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Sunday, 10 April 2011
MOVIE MONDAY - SOLOMON KANE
“If a man is not rising upwards to be an angel, depend upon it, he is sinking downwards to be a devil.” - Samuel Taylor Coleridge
Yesterday afternoon we watched a strange film. It is one of these relatively lately-spawned movies derived from obscure comic books, that have had or still have a cult following. It was Michael J. Bassett’s 2009 film “Solomon Kane”. Solomon Kane, the titular hero, is gaunt and dressed in black, with a gloomy demeanour wearing his trademark slouch hat. He carries a versatile sixteenth century arsenal, usually bladed weapons, often a rapier, and at least two old fashioned pistols. Kane wanders the world to vanquish all the evil he encounters in an attempt to regain his lost soul. The character was the creation of author Robert E. Howard, and the first story was published in 1928. Howard is more famous for creating the character Conan the Barbarian.
The movie starred James Purefoy in the title role, Max von Sydow as his father, Rachel Hurd-Wood as Meredith, the slight romantic interest (more so, the damsel in distress). Pete Postlethwaite as Meredith’s father, and a host of other actors hardly recognisable under tons of make-up, latex, prostheses and other monster-making devices. Michael J. Bassett also wrote the script and if the film starts with a spoken introduction by the director/writer, I tend to groan…
The film is very definitely made for fans and cult followers, and is of marginal interest to the casual film-goer. It comes with a warning of graphic violence, which is indeed well-placed. If slashing people’s heads off and curtailing of other bodily parts with rapiers is your thing this is the film for you, otherwise if you are fainthearted, stay well away! There was too much blood and gore and violence for our taste, but that is given with the gothic/heroic type of genre that this film represents. On reflection there were quite a lot of axes in the film as well, and they got a lot of use…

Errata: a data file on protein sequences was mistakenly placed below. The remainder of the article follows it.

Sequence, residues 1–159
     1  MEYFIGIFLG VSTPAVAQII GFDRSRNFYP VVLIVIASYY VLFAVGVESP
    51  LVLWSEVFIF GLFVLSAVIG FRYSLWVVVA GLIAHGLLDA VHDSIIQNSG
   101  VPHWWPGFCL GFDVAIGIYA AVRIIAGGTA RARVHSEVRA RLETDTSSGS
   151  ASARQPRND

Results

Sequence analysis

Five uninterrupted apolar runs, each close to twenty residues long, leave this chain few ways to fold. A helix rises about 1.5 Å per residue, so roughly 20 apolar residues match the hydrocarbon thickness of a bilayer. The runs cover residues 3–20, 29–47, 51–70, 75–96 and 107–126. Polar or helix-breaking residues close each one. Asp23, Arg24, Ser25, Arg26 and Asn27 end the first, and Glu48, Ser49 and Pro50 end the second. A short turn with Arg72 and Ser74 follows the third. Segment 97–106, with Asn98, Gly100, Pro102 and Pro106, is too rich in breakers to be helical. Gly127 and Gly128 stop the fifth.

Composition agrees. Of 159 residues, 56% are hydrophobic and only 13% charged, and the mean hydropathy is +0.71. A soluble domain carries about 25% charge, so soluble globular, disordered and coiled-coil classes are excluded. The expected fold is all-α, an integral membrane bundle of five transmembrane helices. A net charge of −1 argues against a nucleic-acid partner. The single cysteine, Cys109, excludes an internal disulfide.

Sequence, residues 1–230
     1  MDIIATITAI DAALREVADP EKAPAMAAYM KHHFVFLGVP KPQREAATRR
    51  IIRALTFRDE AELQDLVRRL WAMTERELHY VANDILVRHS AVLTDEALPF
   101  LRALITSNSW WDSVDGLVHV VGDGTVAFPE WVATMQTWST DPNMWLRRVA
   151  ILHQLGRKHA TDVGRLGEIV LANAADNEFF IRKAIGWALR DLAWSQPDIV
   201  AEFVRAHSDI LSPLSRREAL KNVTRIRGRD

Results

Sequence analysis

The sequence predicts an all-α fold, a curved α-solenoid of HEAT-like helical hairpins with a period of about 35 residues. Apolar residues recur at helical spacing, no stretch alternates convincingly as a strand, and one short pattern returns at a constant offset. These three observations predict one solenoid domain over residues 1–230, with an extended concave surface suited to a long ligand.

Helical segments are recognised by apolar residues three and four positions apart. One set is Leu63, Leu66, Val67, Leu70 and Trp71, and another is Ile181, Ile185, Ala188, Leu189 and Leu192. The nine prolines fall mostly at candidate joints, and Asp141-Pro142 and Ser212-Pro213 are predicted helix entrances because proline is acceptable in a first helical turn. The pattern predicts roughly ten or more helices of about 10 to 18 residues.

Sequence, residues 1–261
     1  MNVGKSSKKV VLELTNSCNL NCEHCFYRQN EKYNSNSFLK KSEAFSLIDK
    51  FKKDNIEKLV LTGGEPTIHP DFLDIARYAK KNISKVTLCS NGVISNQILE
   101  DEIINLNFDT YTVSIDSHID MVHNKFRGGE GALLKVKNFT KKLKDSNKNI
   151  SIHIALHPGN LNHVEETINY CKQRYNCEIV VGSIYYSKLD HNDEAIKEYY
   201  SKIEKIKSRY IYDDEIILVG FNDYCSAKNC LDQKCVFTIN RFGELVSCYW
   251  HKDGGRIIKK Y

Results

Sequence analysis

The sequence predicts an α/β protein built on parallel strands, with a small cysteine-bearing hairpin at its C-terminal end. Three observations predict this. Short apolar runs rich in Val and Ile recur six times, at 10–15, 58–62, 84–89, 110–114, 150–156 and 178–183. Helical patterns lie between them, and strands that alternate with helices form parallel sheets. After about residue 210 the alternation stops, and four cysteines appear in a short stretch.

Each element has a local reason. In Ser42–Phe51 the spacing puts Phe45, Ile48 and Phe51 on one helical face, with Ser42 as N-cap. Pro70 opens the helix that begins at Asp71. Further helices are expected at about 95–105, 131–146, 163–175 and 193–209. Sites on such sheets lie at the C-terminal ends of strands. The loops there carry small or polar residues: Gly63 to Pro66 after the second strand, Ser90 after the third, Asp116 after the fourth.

There is some very good cinematography in the film, especially in the quieter moments. The music tends to be generic, but at least it is not intrusive. The performances are generally OK, with some very good cameo roles (Max von Sydow is such an example), and poor Pete Postlethwaite, a very good character actor, gives his all in one of his last film roles before his death in 2011. Rachel Hurd-Wood does a good job in looking fragile and delicately beautiful, just the thing for a damsel in distress. James Purefoy looks stern and suitably heroic when called upon to do so, doing as much he could with the (mostly) nonsensical script.
The film could have actually worked really well if the basics of the plot were retained, but the supernatural elements were eliminated. However, that would not be Solomon Kane and thousands of fans would have been disappointed. If you are a fan, no doubt you have seen this film and probably enjoyed it. If you have a good stomach for graphic violence and like supernatural themes, then you will enjoy the film. If you are a bit lily-livered, stay well away. Definitely a dick flick this Movie Monday…
I have been blogging daily on this platform for several years now. It is surprising that I have persisted as the world is changing and "microblogging" is now the norm. I blog to amuse myself, make comment on current affairs, externalise some of my creativity, keep notes on things that interest me, learn something new and to surprise myself with things that I discover about this wonderful, and sometimes crazy, world we live in.
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